The Glass Menagerie, Young Vic
I find it fascinating that Tennessee Williams’s reaction to one of the most traumatic events of his life – his beloved sister undergoing a lobotomy – was to write only days later one of his most reflective, poised and consciously theatrical plays. Tom Wingfield, the central character often allied with Williams himself, introduces the piece as a ‘memory’ play, thereby excusing any exaggeration, untruths, omissions or leaps in time. What we then see enacted is a sequence of past events from Tom’s perspective, as he reflects on his guilt at abandoning his ‘crippled’ sister, Laura, to join the army.
What I consider to be the play’s true stroke of genius is that the central symbol of the play (a glass unicorn, Laura’s favourite item of her precious menagerie and a symbol of Laura herself) comes to an ambiguous end. Does the fact that his horn accidentally gets broken off mean that Laura is liberated from the mental constraints of her physical disability? Or does it mean that, through losing the horn, Laura has lost the very thing that made her unique and special? At the end of the play, Laura’s future is thus uncertain, and we are left simultaneously wanting to weep and to cheer.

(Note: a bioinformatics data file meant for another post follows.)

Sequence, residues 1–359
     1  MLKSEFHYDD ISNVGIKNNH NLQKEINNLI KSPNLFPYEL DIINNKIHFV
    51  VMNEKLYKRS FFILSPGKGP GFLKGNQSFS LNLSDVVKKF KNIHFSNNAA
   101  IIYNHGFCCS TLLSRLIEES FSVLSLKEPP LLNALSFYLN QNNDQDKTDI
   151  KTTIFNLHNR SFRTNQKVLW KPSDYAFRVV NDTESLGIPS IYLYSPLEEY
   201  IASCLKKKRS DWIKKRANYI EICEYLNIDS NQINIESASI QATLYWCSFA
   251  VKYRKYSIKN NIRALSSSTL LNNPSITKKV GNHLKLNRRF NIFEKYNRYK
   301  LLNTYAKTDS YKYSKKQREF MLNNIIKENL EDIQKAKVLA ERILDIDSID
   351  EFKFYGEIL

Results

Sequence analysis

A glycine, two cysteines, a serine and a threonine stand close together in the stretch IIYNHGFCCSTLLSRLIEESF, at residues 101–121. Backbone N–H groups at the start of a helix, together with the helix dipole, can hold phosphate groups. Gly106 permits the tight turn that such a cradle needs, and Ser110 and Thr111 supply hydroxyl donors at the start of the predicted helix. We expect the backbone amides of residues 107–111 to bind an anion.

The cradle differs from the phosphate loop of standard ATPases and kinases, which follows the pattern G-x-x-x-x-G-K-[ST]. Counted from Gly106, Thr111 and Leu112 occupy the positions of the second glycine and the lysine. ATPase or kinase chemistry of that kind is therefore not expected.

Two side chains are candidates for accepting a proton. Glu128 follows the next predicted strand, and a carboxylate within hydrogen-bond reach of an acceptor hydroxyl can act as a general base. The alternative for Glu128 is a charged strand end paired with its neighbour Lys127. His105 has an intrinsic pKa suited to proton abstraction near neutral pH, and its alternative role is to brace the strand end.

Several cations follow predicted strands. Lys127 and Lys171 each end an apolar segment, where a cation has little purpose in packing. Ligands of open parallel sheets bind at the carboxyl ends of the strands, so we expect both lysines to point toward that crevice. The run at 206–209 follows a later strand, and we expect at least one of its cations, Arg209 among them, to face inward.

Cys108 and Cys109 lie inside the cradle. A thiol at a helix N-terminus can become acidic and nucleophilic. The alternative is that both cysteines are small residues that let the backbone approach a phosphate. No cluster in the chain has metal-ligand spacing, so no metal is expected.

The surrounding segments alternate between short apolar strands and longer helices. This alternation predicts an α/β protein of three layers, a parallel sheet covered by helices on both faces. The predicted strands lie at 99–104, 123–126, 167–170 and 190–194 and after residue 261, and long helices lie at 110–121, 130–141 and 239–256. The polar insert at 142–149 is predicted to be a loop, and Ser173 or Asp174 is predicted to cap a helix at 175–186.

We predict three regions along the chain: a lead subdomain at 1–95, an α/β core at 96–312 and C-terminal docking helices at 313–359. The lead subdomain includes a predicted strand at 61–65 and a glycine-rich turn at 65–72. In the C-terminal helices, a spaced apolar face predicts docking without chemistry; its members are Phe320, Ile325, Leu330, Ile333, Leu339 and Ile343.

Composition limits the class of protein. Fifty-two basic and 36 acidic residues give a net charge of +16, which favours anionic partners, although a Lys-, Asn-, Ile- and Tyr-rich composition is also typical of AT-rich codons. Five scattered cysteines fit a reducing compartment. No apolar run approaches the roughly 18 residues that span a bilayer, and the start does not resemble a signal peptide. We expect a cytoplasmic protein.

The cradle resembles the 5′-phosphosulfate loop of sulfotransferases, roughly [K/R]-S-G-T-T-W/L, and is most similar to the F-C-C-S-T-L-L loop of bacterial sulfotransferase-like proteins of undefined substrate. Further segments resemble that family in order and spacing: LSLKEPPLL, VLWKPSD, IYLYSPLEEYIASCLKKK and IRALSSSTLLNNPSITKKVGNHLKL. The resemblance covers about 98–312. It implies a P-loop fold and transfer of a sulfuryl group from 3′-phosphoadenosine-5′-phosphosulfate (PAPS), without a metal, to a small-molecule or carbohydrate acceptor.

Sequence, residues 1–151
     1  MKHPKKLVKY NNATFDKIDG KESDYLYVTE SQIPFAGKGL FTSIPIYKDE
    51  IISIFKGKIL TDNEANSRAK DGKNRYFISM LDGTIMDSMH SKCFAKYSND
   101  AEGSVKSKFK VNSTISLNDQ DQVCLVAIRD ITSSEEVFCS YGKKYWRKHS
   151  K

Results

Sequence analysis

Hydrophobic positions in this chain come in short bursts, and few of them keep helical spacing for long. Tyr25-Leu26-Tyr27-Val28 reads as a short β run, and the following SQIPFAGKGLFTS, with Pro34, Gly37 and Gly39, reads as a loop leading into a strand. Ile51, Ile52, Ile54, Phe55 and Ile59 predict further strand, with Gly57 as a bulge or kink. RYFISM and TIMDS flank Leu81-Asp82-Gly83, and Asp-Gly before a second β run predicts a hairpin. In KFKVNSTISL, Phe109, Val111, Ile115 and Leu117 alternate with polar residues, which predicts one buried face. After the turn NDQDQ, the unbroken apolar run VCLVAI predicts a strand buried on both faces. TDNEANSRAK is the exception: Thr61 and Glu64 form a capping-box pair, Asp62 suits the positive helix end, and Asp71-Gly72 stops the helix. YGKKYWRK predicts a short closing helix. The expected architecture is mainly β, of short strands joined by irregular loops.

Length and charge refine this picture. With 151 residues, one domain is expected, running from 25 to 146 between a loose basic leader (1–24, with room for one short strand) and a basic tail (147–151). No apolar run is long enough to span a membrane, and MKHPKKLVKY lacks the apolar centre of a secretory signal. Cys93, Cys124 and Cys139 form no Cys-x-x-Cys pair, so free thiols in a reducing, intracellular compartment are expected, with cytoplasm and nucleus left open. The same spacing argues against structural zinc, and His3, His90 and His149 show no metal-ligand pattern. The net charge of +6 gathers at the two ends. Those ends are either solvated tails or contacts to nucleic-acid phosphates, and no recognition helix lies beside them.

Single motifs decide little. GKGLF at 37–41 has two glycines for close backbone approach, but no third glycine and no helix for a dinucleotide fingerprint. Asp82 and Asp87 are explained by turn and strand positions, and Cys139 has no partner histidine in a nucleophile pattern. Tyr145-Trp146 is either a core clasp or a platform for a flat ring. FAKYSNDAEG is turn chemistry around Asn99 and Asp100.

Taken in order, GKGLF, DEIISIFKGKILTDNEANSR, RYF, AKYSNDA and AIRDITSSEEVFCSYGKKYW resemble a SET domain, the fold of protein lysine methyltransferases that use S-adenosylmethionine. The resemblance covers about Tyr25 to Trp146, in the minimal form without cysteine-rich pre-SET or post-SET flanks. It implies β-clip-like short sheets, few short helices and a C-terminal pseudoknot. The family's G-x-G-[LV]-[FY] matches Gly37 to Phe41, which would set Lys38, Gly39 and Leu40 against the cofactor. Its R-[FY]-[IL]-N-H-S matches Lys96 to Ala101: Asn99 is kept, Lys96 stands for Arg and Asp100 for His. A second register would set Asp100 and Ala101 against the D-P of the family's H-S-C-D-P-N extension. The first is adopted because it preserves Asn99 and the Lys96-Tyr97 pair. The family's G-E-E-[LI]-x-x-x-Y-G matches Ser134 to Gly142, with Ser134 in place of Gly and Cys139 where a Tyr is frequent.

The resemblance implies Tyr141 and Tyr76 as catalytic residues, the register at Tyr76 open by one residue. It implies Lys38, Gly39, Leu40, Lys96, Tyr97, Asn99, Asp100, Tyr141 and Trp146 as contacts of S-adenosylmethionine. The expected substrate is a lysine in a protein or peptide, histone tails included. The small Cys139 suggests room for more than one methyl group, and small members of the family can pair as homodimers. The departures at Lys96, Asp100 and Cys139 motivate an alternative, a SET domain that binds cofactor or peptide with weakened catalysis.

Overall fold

With exceptions in some of the acting and several powerful moments, I was overall rather disappointed with Joe Hill-Gibbins’s production, currently showing at the Young Vic. Leo Bill plays Tom Wingfield as if he were a heroin addict suffering severe withdrawal symptoms. He lurches about the stage, shaking and shouting in fury, the noise of his stamping a big distraction. The poisonous power of some of Tom’s most cutting lines (he calls his mother “a babbling old witch”, really cutting the jugular) is obscured by a general tumult of shouting and Leo Bill even has adopted the clichéd habit of rotating his wrists in an effort to appear ‘disturbed’. There is no denying that Tom’s mother Amanda annoys the hell out of him. But she is his mother and, therefore, he doesn’t hate her. In a moment of particular tenderness when Amanda joins Tom on the terrace to wish on the moon, Leo Bill shoots daggers at Amanda and stiffens up completely when she hugs him. If it’s so bad, he would have left home already. There is something holding Tom back though and it’s firstly a love and loyalty to his sister, but it’s secondly – and not insignificantly – a concern and care for his stifling mother.
Leo Bill makes Tom’s experience in the Wingfield household seem more like a temporary Big Brother one – an environment into which he’s been parachuted – and what doesn’t come across is how mundane his existence there is. Tom has never left home in twenty years. Amanda’s nagging is annoying, but it’s normal, and Tom needs to be in a place where he bristles at these things, but isn’t apoplectic.